Aussies to test Vaughan's match fitness in one-dayers
by Cricket Archive Staff Reporter
DateLine: 10th January 2007
Australia will attempt to exploit Michael Vaughan's lack of match
fitness as the reinstated England captain during this month's
triangular one-day cricket series, coach John Buchanan said Sunday.
Vaughan was Sunday confirmed as England's captain in the tri-series,
taking over from Ashes skipper Andrew Flintoff.
It has been 18 months since Vaughan last played a one-day international
and 13 months since he played a Test. Although he has recovered from
knee surgery, he is yet to show how effective he is in the field and
running between wickets.
Buchanan wants his team to keep the heat on England after its
psychologically-damaging 5-0 Ashes series win, and defeat the tourists
during the one-day series, which starts next Friday at the Melbourne
"We try to exploit any deficiency, whether it's technical, physical,
mental or tactical," Buchanan told reporters. "If we understand that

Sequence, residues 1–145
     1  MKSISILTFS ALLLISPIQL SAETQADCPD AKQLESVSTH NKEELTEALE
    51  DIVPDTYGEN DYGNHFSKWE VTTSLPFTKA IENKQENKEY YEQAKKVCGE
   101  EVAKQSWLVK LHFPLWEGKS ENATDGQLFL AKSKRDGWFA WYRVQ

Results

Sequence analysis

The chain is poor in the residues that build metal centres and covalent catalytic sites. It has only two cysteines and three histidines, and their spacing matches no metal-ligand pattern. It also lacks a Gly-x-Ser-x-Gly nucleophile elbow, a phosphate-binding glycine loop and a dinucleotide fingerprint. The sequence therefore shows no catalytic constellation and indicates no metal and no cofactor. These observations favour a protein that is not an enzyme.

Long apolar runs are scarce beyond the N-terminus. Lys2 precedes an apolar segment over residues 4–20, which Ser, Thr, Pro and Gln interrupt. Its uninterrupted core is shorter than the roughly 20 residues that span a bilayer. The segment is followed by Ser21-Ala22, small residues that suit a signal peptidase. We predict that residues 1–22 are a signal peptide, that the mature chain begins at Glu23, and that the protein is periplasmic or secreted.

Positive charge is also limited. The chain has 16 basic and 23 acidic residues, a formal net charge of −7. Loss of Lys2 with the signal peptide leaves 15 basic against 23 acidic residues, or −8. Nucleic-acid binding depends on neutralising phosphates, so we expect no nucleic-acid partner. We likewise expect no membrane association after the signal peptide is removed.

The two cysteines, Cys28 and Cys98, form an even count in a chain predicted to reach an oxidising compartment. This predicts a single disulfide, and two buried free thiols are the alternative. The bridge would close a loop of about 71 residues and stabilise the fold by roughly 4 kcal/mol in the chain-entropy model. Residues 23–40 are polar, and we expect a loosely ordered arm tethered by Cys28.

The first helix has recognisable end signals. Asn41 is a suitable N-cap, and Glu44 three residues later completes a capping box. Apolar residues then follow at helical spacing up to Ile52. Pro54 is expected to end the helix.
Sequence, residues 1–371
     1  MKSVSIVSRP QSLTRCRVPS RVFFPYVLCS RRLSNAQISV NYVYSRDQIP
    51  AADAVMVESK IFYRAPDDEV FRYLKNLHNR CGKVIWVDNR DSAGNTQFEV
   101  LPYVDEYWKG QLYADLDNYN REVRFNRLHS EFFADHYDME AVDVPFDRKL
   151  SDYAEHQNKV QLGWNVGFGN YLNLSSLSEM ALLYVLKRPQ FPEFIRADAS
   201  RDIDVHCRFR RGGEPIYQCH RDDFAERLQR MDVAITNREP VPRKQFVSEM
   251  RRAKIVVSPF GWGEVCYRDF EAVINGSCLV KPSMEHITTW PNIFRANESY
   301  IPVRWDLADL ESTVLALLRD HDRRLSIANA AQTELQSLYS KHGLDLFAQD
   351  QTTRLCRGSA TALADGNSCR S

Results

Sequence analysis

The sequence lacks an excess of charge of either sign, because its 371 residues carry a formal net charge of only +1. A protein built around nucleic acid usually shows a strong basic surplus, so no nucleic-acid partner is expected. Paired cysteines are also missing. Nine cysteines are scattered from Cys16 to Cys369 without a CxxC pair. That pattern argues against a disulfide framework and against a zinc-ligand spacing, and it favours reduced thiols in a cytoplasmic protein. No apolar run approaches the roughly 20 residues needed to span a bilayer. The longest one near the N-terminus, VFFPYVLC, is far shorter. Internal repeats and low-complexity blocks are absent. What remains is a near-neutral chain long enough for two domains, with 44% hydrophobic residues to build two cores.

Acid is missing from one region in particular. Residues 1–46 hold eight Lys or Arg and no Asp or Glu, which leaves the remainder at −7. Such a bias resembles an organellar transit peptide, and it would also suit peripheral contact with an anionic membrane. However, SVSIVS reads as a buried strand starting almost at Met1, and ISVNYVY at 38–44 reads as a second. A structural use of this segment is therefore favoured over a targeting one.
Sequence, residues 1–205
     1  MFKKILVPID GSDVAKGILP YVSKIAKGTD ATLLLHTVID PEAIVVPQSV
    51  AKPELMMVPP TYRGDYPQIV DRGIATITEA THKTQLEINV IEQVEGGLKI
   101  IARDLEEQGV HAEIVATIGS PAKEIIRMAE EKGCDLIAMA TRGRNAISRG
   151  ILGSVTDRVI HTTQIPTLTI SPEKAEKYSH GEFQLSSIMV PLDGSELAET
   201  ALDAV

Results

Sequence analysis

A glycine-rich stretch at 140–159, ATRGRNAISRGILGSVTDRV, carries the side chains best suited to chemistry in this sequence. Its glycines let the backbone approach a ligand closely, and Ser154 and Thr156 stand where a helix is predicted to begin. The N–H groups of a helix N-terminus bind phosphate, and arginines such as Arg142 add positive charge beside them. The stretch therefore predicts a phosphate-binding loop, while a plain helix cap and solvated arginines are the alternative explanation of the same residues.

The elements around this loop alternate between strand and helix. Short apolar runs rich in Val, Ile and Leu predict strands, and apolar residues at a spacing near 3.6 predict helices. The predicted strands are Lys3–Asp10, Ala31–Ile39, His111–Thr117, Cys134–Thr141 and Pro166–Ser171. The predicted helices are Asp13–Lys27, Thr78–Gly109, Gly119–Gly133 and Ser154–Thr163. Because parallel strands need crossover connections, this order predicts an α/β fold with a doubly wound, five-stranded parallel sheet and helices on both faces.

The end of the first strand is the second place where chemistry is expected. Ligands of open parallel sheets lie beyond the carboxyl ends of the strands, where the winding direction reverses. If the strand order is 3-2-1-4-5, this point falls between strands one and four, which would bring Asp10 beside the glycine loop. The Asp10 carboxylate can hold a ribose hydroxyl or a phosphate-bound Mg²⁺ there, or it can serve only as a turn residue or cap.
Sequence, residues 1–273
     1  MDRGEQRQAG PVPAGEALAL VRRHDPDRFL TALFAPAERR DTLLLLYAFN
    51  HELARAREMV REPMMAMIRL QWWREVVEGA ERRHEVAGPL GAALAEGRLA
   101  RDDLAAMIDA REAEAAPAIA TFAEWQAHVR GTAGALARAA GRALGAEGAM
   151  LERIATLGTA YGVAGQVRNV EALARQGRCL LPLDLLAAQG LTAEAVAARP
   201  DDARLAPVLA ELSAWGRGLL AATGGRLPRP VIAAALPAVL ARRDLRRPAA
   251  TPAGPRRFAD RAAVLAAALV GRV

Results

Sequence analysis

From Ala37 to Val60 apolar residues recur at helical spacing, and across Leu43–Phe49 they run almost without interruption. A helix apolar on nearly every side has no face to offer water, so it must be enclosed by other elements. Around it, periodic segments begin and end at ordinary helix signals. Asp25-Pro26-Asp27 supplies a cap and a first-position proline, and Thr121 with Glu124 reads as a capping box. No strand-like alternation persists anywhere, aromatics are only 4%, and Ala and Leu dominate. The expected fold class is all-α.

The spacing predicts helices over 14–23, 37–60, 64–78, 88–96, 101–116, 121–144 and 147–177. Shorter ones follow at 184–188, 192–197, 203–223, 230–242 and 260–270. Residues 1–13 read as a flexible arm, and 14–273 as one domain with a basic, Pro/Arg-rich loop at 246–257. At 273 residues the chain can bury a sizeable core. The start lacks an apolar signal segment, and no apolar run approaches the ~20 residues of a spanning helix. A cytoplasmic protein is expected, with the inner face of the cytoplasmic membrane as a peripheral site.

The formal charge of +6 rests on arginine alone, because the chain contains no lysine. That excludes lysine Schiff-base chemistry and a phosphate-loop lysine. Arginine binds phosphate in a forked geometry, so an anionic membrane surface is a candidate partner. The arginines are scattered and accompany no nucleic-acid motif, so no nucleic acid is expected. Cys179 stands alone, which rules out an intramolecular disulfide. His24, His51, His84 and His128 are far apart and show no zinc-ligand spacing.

Michael's struggling physically, then that will be one area we will
like to target. That will be the same with anybody. If we can detect
weaknesses in their armoury, that will be an area we'll try to
Australia will use the tri-series as a chance to create a buffer
between themselves and England and New Zealand ahead of the World Cup.
"Once we get to the West Indies (for the World Cup) we would have liked
to have set a gap between us and two of the teams we'll face over
there," Buchanan said. "We'd like to have them in some form of disarray
before they got there."
Vaughan averages only 28 in one-day cricket and has not scored a
century despite playing most of his 74 matches in the top order - but
his leadership could at least release the pressure on Flintoff.
Flintoff struggled with the responsibilities of the captaincy during
the Ashes series, but Buchanan said the abbreviated game meant his
powerful hitting and bowling made him a dangerous opponent, especially
without the burden of the captaincy.
"The one-day game is a different format," he said. "It shortens
everything down so it brings both sides much closer together and one
player can have an impact on the game rather quickly, of which he is